Thursday 26 November 2015

An Interview with Dr. Ceri Houlbrook

Today here at Albion Calling we have the archaeologist and folklorist Dr. Ceri Houlbrook with us (if you're not familiar with her work, check out her account here). Having completed her PhD on the subject of coin trees at the University of Manchester back in 2014, she is currently involved in a post-doctoral project examining concealed apotropaic devices in the British Isles and the ways in which they have been dealt with by those who have discovered them. We talk about her research, her new co-edited book, and her views on the intersections between folkloristics and archaeology.

Dr Houlbrook at a love-lock bridge in Prague, Czech Republic

[EDW]: Under the supervision of the archaeologist Professor Tim Insoll (who was interviewed here back in August 2014), you completed your PhD at the University of Manchester in 2014 on the topic of “Coining the Coin-Tree: Contextualising a Contemporary British custom”. Subsequently, you have published a number of research articles on the coin tree phenomenon in such peer-reviewed journals as Folklore, Journal of Contemporary Archaeology, and Post-Medieval Archaeology. What was it that led you to coin trees as an object of enquiry? Could you possibly also provide this blog’s readers with a summary of your research on this subject?

[CH]: Since doing my MA in ‘Constructions of the Sacred, the Holy and the Supernatural’ at Manchester, I’ve been interested in British folk customs – particularly how they survive, and sometimes flourish, in contemporary society. The coin-tree is just one such example of this. Although the custom of inserting coins into trees stretches back to the 1800s (maybe even the 1700s), where it was originally associated with healing rituals, it’s really only been over the last two decades that the practice has spread across the British Isles, with coin-trees popping up in all corners of the country. I was interested in asking why the 1990s and 2000s had seen such a rapid increase in the custom, and in finding out what it means to its modern-day participants. My conclusion: it means whatever its participants want it to mean, and I use coin-trees to demonstrate the malleability of folklore and the mutability of meaning. These allow customs, legends, and lore to survive their transitions into different times and places, by enabling them to adapt.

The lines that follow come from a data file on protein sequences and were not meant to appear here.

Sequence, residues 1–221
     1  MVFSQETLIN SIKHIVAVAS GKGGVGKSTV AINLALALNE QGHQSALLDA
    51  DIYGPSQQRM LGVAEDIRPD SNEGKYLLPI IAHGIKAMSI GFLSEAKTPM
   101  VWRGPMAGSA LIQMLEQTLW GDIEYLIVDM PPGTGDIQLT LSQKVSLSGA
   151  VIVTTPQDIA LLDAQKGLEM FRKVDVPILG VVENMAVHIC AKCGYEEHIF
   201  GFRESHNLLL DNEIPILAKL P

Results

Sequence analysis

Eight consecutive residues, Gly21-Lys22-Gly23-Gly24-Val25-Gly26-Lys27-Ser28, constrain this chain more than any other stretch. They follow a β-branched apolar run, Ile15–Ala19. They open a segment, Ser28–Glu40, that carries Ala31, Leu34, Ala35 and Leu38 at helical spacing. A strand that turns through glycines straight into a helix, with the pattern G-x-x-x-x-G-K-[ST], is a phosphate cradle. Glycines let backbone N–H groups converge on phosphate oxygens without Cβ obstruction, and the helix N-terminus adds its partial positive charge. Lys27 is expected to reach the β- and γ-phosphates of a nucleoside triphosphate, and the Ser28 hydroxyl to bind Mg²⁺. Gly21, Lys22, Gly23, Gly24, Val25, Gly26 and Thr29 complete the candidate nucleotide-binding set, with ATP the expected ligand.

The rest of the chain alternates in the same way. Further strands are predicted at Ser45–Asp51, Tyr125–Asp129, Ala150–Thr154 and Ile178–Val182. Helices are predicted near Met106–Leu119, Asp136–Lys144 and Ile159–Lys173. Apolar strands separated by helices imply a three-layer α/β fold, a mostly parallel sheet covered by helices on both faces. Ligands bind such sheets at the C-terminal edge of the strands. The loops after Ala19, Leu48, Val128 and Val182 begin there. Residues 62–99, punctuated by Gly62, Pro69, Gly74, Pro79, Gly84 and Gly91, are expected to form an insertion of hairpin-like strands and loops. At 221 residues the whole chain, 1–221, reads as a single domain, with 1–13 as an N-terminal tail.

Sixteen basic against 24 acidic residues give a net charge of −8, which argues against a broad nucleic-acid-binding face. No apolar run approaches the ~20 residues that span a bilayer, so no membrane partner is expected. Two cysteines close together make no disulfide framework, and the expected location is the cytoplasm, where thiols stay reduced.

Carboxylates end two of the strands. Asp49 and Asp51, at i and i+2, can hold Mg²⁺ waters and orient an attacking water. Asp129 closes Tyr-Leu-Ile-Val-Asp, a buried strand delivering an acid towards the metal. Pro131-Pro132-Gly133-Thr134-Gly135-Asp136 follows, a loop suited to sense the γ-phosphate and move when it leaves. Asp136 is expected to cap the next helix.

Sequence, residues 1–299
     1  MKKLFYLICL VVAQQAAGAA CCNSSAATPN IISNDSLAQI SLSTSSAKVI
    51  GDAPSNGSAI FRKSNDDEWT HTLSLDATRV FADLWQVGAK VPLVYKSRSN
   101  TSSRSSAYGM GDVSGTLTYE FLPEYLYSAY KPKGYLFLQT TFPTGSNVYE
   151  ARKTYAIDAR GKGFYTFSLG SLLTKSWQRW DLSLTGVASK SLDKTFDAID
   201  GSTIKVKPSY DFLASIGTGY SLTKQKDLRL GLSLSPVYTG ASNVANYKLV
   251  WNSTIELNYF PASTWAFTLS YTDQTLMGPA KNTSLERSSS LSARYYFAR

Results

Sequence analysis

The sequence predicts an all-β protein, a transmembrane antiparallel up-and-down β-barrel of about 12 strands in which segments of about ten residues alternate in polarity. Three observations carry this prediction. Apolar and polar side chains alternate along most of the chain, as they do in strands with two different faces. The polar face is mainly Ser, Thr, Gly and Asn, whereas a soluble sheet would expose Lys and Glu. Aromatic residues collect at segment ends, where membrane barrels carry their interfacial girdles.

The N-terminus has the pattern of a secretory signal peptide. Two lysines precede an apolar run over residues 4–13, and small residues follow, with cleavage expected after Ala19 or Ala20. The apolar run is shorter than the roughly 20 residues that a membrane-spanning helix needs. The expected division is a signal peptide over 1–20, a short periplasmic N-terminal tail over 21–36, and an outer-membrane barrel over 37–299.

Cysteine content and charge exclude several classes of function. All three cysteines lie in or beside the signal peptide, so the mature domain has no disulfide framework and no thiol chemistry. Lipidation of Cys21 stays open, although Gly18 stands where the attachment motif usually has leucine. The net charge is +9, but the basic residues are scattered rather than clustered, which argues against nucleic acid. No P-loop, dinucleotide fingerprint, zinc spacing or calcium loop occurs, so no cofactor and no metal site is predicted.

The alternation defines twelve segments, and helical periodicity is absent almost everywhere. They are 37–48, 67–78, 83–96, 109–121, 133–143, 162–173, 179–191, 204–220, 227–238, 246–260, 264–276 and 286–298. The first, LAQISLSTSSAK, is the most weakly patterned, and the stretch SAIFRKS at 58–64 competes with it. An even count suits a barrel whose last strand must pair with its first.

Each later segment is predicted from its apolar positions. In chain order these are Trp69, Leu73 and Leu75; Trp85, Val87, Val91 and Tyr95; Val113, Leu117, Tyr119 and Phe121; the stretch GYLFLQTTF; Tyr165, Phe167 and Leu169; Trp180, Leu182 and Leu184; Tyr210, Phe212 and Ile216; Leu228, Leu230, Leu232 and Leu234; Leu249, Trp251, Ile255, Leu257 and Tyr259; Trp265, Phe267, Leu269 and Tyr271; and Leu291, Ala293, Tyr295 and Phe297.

[EDW]: You are currently a Postdoctoral Research Assistant working as part of a Leverhulme-funded project titled “Inner Lives: Emotions, Identity, and the Supernatural, 1300–1900”, which is based at both the University of East Anglia and the University of Hertfordshire. Could you tell us a little bit more about this exciting new project and what your role entails?

[CH]: As you might have guessed from its title, this project, run by Prof. Malcolm Gaskill, Prof. Owen Davies, and Dr Sophie Page, is broad – both chronologically and thematically. To summarise briefly, we’re interested in examining how people historically have dealt with the cross-overs of emotions (fear, hatred, love), selfhood, and aspects of the supernatural. My strand of the project is entitled ‘The Concealed Revealed’, and I’m looking at the sorts of devices and customs people used to protect their homes from preternatural threats, from concealed shoes and mummified cats to timber markings. As well as cataloguing examples of this from across the British Isles, I’m also interested in considering what happens to them after they’re found; once the concealed has been revealed, so to speak. Are they disposed of, re-concealed, or displayed? And what does that tell us about people today and their own relationships with emotions, identity, and the supernatural?

Coin-tree in Ingleton, Yorkshire.
Image copyright Dr. Houlbrook
[EDW]: Like myself, you’ve been in attendance at the Folklore Society’s Newer Researchers conferences over the past two years and have conducted research that has crossed into the two respective fields of archaeology and folkloristics. Where do you tend to view yourself in relation to these two disciplines, and how well do you think that they work together?